I am beyond thrilled to tell you about a book I read recently. It could be my new favorite fiction book. Yeah. It’s so good. I’m talking, of course, about Makers by Cory Doctorow. This book is amazing, insightful, funny, and down right strange. It’s hard for me to verbalize what I like so much about it. I read it out loud with my wife and she kept asking me what I liked so much. Let me try to explain.
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It’s difficult to even describe this book briefly. It’s very different from anything else I’ve read. To start, it’s a near future science fiction story. Not science fiction like light sabers and aliens. Science fiction like it transports us to a slightly different different reality enabled by technology and circumstances that we don’t have. It’s close to home and yet gives us a glimpse into something we wouldn’t ordinarily see. All in a disarming way.
Makers starts with a strange merger of Kodak and Duracell into (wait for it) Kodacell. All under the leadership of Kettlewell. He’s a slick business genius with a grand new vision. Small business units doing all sorts of different things supported by Kodacell’s infrastructure. This concept becomes known as New Work. Along for the ride is Suzanne Collins, a reporter and blogger that Kettlewell sets up with his star business unit.
Enter our stars, Lester and Perry. They make things. Out of other things. When Suzanne finds them in the abandoned mall in FL that they work out of, they are repurposing Boogie Woogie Elmo dolls, making them into an integrated unit that is collectively able to drive a car. It’s really weird.
Lester and Perry are going to invent things for Kodacell. Kodacell connects the boys with a business manager named Tjan. There’s only one thing you need to know about Tjan… He’s a business badass.
They invent a series of hits. Some of them are so brilliant, I can’t believe they don’t already exist. They make use of RFID tags so that you can put your stuff away in random bins. Then when you want to find it, search for it on a computer and the bin it’s in lights up. Think warehouse pick-to-light system paired with a system for always knowing where you put your stuff away. If this had been written today (instead of 2011), imagine it paired with voice tech. “Hey Siri, where’s my red sweater?” The boys make huge returns for Kodacell.
But, all isn’t well. Despite their huge ROI, they’re just one tiny unit in Kodacell’s scheme and not all are doing as well. Plus there are competitors popping up and they poach Tjan. Lester and Perry invite a group of nearby displaced homeless people into their living space and they build a shantytown/factory. Kodacell collapses. New Work is over.
Perry and Lester start The Ride. It’s an abandoned Walmart with a series of displays. You’re in a motorized chair that takes you through the displays. You have a joystick where you upvote or downvote things that you see in the displays. Based on that feedback, an army of robots updates the ride each night. Riders are encouraged to bring new objects into the ride which are then subjected to the upvote/downvote. It’s really weird.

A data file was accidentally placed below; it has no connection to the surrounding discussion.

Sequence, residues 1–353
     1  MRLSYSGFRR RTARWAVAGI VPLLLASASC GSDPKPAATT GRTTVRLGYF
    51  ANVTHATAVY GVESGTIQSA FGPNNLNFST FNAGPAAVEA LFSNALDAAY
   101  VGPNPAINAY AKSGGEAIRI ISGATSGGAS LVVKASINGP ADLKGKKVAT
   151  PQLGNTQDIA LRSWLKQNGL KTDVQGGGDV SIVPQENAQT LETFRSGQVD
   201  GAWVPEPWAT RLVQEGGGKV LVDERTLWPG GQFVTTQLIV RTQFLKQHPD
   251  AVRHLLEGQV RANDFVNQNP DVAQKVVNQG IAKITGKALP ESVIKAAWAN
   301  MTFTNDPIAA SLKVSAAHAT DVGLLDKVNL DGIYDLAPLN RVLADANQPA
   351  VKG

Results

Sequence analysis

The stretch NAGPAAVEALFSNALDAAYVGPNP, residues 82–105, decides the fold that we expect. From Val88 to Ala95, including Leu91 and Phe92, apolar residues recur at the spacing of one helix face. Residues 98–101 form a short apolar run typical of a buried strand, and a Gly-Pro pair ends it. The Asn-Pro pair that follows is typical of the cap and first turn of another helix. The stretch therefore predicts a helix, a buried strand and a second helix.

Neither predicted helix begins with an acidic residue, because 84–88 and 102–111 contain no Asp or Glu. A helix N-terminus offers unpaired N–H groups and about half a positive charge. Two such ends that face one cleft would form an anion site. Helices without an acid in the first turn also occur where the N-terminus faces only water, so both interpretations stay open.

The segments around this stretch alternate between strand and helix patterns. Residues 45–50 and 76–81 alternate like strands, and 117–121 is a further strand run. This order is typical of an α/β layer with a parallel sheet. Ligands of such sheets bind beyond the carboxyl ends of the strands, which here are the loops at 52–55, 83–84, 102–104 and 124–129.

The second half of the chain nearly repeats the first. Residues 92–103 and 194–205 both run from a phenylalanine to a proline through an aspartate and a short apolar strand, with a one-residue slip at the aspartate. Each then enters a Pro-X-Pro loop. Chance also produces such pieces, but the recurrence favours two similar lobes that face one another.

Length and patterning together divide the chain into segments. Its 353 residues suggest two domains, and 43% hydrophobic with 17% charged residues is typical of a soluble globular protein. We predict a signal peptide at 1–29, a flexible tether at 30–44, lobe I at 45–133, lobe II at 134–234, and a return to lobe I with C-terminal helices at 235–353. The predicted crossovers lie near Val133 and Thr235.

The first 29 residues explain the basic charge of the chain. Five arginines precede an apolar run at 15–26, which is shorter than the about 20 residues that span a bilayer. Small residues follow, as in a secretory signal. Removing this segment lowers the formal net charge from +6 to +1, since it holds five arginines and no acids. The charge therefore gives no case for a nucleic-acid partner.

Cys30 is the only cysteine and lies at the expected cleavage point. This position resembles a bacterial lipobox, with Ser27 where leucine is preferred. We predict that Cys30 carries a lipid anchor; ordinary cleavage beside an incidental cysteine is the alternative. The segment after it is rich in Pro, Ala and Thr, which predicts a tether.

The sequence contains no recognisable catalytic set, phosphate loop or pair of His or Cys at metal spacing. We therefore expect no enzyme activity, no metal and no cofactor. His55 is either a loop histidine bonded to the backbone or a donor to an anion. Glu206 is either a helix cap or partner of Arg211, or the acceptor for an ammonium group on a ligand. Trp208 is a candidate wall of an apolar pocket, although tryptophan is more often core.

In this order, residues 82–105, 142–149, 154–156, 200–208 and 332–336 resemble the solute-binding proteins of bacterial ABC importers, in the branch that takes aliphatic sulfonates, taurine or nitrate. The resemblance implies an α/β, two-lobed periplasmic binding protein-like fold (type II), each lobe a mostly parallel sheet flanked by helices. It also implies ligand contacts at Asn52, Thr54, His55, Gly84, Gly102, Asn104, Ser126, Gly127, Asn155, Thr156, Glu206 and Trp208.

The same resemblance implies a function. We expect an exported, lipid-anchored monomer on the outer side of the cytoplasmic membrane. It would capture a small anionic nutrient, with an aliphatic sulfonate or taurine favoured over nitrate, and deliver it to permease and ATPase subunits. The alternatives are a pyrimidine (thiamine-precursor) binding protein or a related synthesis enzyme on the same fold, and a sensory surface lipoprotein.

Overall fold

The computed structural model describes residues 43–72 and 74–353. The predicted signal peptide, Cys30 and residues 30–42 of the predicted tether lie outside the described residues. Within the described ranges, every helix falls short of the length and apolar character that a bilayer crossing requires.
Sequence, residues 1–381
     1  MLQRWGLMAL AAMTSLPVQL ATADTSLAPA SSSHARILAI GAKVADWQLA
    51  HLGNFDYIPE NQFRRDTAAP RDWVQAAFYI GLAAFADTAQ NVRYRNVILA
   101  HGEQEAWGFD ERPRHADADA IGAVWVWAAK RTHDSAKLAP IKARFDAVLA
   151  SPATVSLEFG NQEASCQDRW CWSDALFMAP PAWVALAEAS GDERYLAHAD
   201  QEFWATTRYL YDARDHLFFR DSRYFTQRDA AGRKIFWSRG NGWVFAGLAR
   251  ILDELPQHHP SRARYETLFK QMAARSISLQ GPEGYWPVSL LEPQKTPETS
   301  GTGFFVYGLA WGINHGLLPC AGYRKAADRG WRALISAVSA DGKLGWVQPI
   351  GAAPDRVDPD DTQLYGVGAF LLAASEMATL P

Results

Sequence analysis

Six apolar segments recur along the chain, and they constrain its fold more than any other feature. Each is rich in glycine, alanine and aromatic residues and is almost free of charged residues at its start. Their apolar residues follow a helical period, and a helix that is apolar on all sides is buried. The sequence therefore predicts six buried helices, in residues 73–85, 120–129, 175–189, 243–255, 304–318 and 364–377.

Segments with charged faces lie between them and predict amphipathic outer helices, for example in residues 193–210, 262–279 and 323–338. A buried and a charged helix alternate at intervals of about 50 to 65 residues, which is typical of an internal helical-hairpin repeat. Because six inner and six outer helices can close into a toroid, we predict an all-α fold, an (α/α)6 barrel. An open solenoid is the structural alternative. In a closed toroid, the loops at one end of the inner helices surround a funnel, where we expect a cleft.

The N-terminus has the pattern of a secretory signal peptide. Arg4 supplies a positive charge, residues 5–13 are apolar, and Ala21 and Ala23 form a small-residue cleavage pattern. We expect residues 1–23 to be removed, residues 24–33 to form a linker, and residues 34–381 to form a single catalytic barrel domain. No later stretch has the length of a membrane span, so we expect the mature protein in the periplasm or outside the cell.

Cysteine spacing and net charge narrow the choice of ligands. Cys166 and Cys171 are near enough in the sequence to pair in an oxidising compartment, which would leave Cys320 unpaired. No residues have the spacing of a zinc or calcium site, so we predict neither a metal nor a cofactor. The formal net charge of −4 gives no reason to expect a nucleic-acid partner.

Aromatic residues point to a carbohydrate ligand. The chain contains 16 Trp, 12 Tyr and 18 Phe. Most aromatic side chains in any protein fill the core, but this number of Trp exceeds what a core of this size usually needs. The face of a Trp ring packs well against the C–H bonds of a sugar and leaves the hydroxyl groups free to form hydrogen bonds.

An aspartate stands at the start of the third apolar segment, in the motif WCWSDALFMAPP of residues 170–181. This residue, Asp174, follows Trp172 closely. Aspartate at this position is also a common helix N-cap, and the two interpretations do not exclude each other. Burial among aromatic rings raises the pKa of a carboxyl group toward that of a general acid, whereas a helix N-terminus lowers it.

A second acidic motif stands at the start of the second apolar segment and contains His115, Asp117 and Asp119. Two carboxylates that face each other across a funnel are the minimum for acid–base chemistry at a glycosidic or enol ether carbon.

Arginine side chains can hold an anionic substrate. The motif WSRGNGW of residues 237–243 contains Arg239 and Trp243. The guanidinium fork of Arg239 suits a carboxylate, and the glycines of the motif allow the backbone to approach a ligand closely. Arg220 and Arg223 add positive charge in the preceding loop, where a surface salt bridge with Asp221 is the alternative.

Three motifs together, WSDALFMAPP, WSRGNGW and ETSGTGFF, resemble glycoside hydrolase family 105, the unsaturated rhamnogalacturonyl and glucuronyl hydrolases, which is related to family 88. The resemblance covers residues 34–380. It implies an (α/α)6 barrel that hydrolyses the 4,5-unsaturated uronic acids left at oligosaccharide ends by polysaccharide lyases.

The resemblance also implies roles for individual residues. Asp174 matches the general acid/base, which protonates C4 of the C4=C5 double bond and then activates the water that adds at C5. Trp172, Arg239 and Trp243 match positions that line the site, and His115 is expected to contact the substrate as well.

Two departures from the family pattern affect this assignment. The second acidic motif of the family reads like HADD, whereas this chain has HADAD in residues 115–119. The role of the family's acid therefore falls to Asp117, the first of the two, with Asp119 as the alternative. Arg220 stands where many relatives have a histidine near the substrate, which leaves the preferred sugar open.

The Ride gets really popular with a religious-like following. Disney takes notice and Sammy, an extremely unlikable Disney exec, tries to sabotage it. It doesn’t work and The Ride expands all over the world. Lester and Perry create a system where the rides all sync. Disney finds out that some Disney IP was dropped in the ride by a rider and sues. Sammy incites a riot in the market outside The Ride.
Lester and Perry countersue under the guidance of Kettlewell and Tjan. They don’t have much money, but they secure investors to back the lawsuit. Then, as the back cover of the book says, things get interesting. Lots more happens, but I don’t want to give more away in case you want to read it. Suffice it to say, this book is jam packed with happenings.
This Sounds Weird
It’s hard to explain exactly why I like this book so much. Trying to explain it makes me realize just how crazy it sounds. Like a lot of science fiction, the quick synopsis sounds insane.
It could be the characters. They’re all so different and yet so utterly believable. I don’t know how Doctorow pulls it off. The book is full of characters with strong opinions that are quite different, but each is presented convincingly. Perry and Lester are similar, but have some fundamental disagreements about the role of business in making things. Who’s right and wrong? It’s hard to say, and that’s part of the fun and challenge. Makers challenges you in a thousand ways to think things through for yourself.
It could be the writing. It’s quirky and fun. I couldn’t put it down. The descriptions and the dialogue is absolutely perfect.
It could be the brilliant inventions. This book is full of business plans, inventions, and repurposing of existing technology. It’s all so plausible and forward thinking. Even today, tons of it is ahead of its time.
But, at bottom, I don’t quite know why this book is so good. Doctorow reached into my brain and produced the exact right book for me. All I can say is thank you Cory Doctor. And, dear reader, go check out this book.